Decisions are based on guesswork rather than on what’s happening at the moment. The fresher the insights, the better chance business leaders have of making the right decisions.
2. Information is fragmented
Since data comes from different departments, it’s not likely that it will all match up. Sales, for example, might cover the most recent period, but the manufacturing of those products happened before that.
Finance departments are able to turn fragmented data into insights, but there’s also a risk that errors can creep into the reports that executives use to make massive decisions.
Information can also be manipulated, and biases dictate what information to include in a report and what to leave out.
The consequences could be disastrous.
3. Performance metrics are siloed
Every department in a business has a different need for data and different key performance indicator (KPIs) built around their particular approach, rather than the overall business strategy.
This makes it nearly impossible for the business to act as a single unit.
Although the different departments may want to align with the company’s goals, their systems trip them up: the finance team uses an accounting system, fulfillment uses a warehouse management system, marketing uses a customer relationship management system.
Each system probably has its own spreadsheets, which, to any other department, will be complex to decipher.
The sales team, for example, can’t respond to the manufacturing team because it can’t see how much inventory is on hand and how much is being produced.
The customer support team can’t assist clients if they don’t have access to fulfillment’s ordering system.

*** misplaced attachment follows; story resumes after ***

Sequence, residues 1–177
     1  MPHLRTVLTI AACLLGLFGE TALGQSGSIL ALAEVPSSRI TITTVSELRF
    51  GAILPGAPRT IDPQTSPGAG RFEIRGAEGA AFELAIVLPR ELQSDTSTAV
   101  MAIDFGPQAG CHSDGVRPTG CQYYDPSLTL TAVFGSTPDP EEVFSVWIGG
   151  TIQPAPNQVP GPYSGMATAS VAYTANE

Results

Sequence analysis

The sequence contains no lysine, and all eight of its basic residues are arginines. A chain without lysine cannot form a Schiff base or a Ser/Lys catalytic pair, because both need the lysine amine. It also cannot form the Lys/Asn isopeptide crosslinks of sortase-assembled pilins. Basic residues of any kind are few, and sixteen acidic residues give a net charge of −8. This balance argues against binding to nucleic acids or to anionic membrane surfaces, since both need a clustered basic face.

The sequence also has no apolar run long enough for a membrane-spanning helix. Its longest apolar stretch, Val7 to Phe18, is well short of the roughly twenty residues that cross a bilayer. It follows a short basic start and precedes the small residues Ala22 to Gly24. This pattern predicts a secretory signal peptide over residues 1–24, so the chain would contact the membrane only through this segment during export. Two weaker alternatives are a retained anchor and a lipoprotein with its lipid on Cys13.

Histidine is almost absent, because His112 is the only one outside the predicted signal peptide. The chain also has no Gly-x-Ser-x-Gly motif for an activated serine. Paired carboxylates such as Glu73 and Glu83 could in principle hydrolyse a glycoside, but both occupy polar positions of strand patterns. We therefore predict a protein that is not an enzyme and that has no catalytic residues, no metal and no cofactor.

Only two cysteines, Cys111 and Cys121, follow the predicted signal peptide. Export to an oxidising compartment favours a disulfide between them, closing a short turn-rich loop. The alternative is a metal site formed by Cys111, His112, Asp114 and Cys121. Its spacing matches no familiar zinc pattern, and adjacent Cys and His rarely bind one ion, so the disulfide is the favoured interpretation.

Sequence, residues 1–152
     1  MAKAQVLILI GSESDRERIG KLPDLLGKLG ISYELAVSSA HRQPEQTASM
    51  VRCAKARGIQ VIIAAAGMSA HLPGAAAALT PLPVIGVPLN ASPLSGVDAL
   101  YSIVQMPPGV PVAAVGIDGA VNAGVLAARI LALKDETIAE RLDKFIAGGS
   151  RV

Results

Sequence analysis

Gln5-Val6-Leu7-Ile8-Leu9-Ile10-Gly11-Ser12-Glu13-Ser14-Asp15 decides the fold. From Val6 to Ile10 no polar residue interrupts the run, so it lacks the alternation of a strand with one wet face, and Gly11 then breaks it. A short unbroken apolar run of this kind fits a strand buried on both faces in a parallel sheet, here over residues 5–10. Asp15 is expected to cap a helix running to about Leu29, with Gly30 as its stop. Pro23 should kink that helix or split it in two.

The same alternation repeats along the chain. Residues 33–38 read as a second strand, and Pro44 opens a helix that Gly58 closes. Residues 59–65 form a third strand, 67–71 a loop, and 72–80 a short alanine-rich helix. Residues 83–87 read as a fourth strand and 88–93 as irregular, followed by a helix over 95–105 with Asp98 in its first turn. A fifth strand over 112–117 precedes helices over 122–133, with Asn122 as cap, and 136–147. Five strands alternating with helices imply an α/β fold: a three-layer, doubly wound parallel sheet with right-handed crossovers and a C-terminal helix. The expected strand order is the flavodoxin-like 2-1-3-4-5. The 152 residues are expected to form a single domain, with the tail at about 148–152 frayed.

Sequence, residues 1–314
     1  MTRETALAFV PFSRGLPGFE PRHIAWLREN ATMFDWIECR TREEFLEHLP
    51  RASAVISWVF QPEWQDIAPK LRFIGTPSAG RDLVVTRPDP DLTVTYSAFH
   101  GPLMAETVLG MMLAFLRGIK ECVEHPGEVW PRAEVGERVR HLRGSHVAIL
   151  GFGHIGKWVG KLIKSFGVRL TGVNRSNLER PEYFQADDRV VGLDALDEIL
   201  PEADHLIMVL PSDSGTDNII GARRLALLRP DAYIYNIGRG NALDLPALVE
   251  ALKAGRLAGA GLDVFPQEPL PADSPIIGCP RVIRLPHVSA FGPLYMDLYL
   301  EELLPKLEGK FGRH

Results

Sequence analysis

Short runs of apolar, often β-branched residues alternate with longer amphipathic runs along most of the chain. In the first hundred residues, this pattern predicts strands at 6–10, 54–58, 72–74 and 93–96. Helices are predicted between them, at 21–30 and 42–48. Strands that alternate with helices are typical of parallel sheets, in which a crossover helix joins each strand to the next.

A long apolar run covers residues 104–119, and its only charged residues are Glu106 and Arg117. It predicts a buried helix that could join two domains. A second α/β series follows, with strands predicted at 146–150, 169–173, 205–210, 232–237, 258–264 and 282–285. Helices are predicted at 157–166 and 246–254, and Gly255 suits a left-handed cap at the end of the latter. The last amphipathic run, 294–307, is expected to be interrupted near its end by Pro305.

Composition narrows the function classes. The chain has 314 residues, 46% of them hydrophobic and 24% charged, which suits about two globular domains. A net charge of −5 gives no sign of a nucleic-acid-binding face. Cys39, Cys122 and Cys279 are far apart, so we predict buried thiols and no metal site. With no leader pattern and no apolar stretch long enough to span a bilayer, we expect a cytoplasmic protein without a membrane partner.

Any time departments try to share data, it’s generally done through shared files or printouts discussed in meetings. This is problematic when time is of the essence.
Why you shouldn’t measure traditional business metrics alone
KPIs and other traditional-style analytics have limitations. These include:
Choosing the right KPIs
KPIs evaluate what is important, but who decides what those should be? Business school? Your sector?
KPIs are essential to running a business but sticking to traditional KPIs means you might miss other insights or approaches to viewing information.
The finance department might want to dig deeper into all data within a business using proactive metrics, but a traditional KPI culture makes this difficult.
Narrowly focused KPIs
Traditional performance metrics stifle proactivity and might make you overlook performance issues, such as precisely predicting cash flow shortages.
Traditional KPIs tend to only focus on one area and trying to interpret that data in any other way could introduce dangerous biases. There’s no freedom to explore the data or to analyze it from a different perspective.
If sales data is down, for example, there’s no way to know if the issue lies with fulfillment or customers.
KPIs can be demotivating
Sales fluctuate for a number of reasons. A competitor discounting a similar product is one example that could lead to reduced sales. When the sales team see these figures without the context, they might be demotivated.